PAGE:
Few things empower fiction better than well developed characters. Which is why you don’t want to create unintentional barriers between your characters and your readers. What barriers, you ask? Well, here’s one that affects POV characters:
John knew he was about to learn something important.
Do you see it? The barrier? No? How about here…
Sally realized she wasn’t getting it at all.
This barrier is kind of like those rotten little sugar ants that one day are not to be seen, and the next day are crawling all over your counter. You had no idea they were lurking there, unseen, and suddenly BAM! They’re everywhere! (Okay, rabbit trail here, but if you have these monsters in your house I have two words for you: diatomaceous earth. Gets rid of them like magic!) This sneaky barrier skitters into our writing when we’re not looking and pushes the reader just a step away from our character.
Still not sure what it is? Then consider this. We’re still in John’s and Sally’s POVs:
He was about to learn something important.
She wasn’t getting it at all.
Yup, it’s the knew and realized. If you guessed it, congrats! If you didn’t, not to worry. Now you know.
When writing a POV character, don’t tell us he or she has realized, or knows, or sees, or hears something. Just show the realizing, knowing, seeing, and so on. Because the fact is, if the POV character didn’t realize, know, see, or whatever, we couldn’t either since we’re perceiving the story through them. So this is not only a barrier to the characters, but it’s redundant.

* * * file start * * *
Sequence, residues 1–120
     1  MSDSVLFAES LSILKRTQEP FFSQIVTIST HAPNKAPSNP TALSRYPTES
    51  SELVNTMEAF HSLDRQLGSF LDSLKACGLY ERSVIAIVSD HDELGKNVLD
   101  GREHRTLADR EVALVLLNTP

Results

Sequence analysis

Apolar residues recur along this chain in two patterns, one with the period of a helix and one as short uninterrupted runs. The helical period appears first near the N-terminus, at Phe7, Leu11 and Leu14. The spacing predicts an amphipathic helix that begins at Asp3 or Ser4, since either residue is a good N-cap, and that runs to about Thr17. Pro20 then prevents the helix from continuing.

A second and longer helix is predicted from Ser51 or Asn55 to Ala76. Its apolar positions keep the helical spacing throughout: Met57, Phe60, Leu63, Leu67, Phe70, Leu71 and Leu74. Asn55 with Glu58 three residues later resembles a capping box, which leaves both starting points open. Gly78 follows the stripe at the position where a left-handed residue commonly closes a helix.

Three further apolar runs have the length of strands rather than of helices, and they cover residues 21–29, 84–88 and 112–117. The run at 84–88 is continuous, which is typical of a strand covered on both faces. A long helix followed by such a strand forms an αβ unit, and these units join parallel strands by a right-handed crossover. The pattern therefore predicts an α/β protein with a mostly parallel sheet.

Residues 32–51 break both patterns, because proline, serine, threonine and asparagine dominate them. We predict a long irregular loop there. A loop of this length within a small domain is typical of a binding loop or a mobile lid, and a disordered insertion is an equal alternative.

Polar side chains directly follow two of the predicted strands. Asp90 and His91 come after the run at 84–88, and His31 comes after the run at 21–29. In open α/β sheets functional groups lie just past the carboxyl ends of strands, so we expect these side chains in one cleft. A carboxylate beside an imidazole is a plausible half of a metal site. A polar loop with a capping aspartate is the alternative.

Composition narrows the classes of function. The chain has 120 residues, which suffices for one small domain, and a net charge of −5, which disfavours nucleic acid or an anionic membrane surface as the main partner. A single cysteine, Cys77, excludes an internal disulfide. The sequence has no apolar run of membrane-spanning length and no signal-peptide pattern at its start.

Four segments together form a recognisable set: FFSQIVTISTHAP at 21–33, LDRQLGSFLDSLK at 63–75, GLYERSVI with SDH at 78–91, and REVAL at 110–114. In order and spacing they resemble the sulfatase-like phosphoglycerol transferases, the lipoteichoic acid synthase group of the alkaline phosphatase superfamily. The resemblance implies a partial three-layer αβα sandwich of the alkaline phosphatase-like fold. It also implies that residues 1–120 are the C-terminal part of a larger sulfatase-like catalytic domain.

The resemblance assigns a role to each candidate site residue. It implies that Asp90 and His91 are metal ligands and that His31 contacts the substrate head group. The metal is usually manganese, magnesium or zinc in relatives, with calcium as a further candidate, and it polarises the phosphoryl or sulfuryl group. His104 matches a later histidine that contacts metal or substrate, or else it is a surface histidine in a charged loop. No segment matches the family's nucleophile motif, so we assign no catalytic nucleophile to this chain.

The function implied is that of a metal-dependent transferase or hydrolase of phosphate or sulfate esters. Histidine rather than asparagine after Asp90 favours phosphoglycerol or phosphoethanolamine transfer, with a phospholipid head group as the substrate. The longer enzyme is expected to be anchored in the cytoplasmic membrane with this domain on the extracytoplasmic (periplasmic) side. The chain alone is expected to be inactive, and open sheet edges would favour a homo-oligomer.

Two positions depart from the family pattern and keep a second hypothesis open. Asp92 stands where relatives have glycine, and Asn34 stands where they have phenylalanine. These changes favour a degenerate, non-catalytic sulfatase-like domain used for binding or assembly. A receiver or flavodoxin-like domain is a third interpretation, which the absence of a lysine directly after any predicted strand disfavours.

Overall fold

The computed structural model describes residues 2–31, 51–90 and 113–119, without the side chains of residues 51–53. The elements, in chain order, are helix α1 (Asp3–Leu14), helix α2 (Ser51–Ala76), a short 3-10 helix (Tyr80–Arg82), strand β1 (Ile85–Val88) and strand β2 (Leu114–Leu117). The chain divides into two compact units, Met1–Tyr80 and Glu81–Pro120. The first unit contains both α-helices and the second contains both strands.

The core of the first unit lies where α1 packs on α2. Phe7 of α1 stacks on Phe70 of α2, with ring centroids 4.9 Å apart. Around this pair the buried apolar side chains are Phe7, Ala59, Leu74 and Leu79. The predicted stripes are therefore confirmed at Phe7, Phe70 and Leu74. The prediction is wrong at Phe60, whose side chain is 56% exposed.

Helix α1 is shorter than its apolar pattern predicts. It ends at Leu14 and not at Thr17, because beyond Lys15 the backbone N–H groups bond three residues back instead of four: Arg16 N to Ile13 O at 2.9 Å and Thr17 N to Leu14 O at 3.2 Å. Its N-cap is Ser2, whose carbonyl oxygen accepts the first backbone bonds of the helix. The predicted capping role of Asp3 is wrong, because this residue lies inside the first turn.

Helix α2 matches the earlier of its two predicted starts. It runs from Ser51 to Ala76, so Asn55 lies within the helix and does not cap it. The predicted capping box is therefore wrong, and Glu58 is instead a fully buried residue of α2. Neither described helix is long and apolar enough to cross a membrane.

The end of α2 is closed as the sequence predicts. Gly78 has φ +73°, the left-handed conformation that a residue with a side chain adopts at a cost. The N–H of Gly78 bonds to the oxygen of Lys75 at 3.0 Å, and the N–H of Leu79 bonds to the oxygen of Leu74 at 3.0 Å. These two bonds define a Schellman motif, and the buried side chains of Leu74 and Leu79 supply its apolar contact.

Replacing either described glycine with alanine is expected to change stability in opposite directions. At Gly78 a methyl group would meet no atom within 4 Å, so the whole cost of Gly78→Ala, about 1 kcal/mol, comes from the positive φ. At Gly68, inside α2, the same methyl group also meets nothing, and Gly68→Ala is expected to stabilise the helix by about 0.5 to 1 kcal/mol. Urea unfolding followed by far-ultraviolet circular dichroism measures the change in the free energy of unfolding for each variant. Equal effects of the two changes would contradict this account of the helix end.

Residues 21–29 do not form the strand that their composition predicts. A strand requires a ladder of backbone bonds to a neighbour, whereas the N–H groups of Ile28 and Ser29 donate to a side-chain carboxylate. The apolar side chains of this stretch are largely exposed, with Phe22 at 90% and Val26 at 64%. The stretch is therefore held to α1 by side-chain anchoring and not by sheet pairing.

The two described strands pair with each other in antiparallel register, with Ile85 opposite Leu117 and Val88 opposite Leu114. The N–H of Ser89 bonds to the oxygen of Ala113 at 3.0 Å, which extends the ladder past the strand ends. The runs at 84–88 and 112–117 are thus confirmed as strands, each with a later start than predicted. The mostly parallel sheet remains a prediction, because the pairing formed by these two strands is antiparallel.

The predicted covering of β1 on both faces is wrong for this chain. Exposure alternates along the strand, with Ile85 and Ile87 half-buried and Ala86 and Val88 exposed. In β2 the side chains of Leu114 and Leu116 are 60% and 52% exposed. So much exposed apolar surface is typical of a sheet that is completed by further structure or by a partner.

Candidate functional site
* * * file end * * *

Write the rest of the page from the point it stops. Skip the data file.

Bill saw the man coming toward him.
A man came toward him.
It’s not a big change, but it’s one that removes a layer of distance—a barrier, in essence—between the reader and your character. Rather than being told about something, the reader experiences it with the character. After all, that’s much of the power of fiction, that our readers experience the journey and the story with the characters. And part of our job as writers is to ensure they can do that with as few barriers as possible.
This is just clean writing. If there’s a better way to say it, do! Stick to active descriptions. The man approached and terror gripped him, fright so deep that he knew it was futile to consider escape. Nevertheless, he turned to run and scrambled up the hillside, his heart beating out of his chest, his breath in spurts, never daring to look back to see if he was followed.
Other barriers are Christian buzz words with little or no generally established meaning. If the word or phrase has no meaning outside a narrow Christian community, get rid of it, especially if there’s no context for putting it in the mouth of a character. Phrases such as “falling out”, “washed in the spirit”, “washed in the blood”, etc. I have seen all of these in self-published novels and knew that it would be impossible for my non-Christian friends to understand. If you have to explain something in a work of fiction, you have already done a poor job of communication.
Nicely done. I kinda want to know what happens to the man scrambling up the hillside.